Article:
I have a friend who married a photographer from Bordeaux. They now run a B&B there in a 300-year old residence with ten rooms. Most of their guests come from the north of Europe and stay for over one week. They enjoy their time there and at the vineyards without the need to go to Paris. This is a form of civil living. Our goal isn’t to see the entire world but rather to find a city we enjoy to relax in. For Taiwan, Taitung, Hualien, and Nantou could follow suit depending on how each area is packaged.

Nantou: From a region known for Sun Moon Lake to a region known for tea plantation What would change if we modeled Napa Valley’s approach in Nantou? Though Napa Valley produces renowned wines, their main focus isn’t to sell their wines but rather to sell their wine tasting and tour experiences. Nantou’s tea plantations could model the experience. Each plantation produces different flavors, types and seasons of teas. Travelers could enjoy tea tasting as well as the restaurants nearby the plantations. This is what civil living is and will add value to a region; however, when I visited Nantou, plantations instead brought their teas to the Sun Moon Lake area to sell making it challenging to make a true profit and contribute to sustainable economy. If Nantou could remodel their plantations to that of Shi-Yang Culture Restaurant in New Taipei City where people’s intentions are to go there to relax, taste teas and tour the plantation, the experience will be much elevated. Young people that have left their hometowns are also more likely to return to the region to work.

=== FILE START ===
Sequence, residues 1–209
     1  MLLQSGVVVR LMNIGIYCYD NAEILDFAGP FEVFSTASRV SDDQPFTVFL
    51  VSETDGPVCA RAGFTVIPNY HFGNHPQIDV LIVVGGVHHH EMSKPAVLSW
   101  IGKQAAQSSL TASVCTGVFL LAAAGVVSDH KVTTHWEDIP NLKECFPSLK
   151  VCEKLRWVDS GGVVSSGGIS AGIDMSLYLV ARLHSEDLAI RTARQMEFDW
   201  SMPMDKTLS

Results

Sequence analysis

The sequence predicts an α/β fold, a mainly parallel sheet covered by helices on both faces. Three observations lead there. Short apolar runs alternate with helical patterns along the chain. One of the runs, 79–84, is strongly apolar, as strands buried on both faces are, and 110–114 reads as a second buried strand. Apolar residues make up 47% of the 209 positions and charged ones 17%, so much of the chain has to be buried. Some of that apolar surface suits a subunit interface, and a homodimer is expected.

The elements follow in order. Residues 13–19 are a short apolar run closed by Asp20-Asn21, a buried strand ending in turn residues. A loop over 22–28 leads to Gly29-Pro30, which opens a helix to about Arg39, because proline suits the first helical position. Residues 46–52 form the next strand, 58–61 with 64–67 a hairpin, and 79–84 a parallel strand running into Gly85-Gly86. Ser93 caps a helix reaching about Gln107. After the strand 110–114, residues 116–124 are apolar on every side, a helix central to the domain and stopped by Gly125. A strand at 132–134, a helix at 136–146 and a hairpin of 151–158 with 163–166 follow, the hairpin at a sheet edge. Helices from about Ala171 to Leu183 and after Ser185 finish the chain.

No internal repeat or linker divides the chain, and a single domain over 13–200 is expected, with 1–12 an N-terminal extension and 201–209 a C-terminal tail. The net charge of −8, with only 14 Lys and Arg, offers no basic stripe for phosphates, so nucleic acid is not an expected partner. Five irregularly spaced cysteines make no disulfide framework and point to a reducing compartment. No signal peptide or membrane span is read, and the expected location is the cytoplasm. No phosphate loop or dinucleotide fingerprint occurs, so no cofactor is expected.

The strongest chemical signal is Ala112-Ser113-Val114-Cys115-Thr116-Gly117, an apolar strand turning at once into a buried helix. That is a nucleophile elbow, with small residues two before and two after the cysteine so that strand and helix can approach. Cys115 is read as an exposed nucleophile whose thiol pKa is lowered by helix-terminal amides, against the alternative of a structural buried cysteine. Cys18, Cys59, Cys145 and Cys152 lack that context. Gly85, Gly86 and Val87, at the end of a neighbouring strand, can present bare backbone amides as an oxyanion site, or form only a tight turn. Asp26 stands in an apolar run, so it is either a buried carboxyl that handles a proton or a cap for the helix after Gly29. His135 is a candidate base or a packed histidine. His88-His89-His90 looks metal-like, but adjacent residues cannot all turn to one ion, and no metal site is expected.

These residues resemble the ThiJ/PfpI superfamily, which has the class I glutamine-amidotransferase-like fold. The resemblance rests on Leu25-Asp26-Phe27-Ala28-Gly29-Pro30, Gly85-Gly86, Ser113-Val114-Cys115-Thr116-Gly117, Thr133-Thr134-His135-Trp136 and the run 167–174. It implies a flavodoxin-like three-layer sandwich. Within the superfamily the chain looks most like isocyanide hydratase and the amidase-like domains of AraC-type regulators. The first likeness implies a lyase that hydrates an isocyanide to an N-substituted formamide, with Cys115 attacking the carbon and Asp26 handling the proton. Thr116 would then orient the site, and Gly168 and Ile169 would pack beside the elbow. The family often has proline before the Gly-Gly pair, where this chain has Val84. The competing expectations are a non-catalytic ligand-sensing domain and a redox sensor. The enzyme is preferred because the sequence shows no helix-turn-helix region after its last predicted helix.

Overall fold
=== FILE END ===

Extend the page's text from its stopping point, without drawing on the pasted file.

From craftsmanship to artistry

Vocational education in Taiwan should elevate its methods to foster students at the “master” or “artist” level rather than focusing only on the “craftsman” level. In a restaurant, aesthetics such as plating, décor, and music are not within the capacity of a cook; and if the cook only learns the skills of cooking, then they will not likely transition to become chefs or culinary artists. We need to elevate Taiwan’s education as a whole from craftsmanship to artistry, but to become an artist takes hard work.

In the businesses I consulted in the past, the journey from craftsmanship to artistry isn’t a smooth one. If we took education institutes as an example, if teachers cannot understand the importance of elevating themselves into artistry, they will continue to use dated methods. It’s a regretful loss when I feel I cannot inspire their thinking.

It also saddens me when the Taiwan government doesn’t succeed in shifting the overall climate of the country. On one hand, Taiwan wants to be internationalized, yet on the other, the English language isn’t enforced within our tourism industries. If the people don’t have English ability, they cannot fulfil even the basic needs of what tourists wish to eat.

Huatung is an asset that could transition Taiwan to become a slow travel destination